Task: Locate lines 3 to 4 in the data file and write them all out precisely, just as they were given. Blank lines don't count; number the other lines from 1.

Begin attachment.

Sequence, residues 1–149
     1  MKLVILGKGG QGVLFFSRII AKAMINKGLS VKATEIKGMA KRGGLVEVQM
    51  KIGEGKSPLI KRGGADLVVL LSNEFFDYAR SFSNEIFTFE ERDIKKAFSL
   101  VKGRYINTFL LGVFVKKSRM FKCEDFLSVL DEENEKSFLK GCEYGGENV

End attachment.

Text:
    51  KIGEGKSPLI KRGGADLVVL LSNEFFDYAR SFSNEIFTFE ERDIKKAFSL
   101  VKGRYINTFL LGVFVKKSRM FKCEDFLSVL DEENEKSFLK GCEYGGENV